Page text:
In a study published in the journal of the Proceedings of the National Academy of Sciences (PNAS), Reinhart’s team described how applying electrical stimulation using HD-tACS quickly and reversibly increased or decreased a healthy person’s executive function, which led to a change in behavior.

Smart Charge

Reinhart’s team tested 30 healthy people, each wearing a soft cap with electrodes that conveyed the stimulation. The test was simple: each subject had to press a button every 1.7 seconds. In the first three rounds of tests, the researchers either cranked up the synchronicity between the two lobes, disrupted it, or did nothing.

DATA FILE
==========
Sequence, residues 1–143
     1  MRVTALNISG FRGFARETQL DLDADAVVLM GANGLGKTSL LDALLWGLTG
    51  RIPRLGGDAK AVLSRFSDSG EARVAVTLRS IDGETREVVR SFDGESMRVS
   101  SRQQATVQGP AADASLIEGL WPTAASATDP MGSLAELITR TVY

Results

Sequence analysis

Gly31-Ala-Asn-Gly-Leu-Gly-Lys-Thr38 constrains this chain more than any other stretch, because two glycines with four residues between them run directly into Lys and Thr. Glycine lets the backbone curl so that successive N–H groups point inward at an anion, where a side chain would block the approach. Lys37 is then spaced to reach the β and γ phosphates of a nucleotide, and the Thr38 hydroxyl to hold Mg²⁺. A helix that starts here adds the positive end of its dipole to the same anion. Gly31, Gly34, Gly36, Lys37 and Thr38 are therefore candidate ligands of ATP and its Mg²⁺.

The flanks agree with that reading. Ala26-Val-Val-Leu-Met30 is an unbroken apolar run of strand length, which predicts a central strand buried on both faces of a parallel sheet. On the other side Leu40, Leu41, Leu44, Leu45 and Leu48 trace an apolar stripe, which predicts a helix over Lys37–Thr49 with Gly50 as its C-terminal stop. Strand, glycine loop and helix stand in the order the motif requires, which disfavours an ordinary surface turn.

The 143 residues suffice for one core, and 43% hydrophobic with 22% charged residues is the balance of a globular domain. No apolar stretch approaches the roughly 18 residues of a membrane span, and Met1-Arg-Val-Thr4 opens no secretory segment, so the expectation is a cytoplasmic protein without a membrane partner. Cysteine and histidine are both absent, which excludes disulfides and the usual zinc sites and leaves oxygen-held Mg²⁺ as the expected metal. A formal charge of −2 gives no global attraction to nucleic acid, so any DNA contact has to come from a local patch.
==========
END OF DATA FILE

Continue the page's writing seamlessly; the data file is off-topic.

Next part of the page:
The participants’ brain activity, monitored with an electroencephalogram (EEG), showed statistically significant results. When the brain waves were upped, the subjects learned faster and made fewer mistakes, which they corrected abruptly. When it was disrupted, they made more errors and learned more slowly. 

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What was even more surprising was when 30 new participants took an adjusted version of the test. This group started with their brain activity temporarily disrupted, but then received stimulation in the middle of the activity. The participants quickly recovered their original brain synchronicity levels and learning behavior. “We were shocked by the results and how quickly the effects of the stimulation could be reversed,” says Reinhart.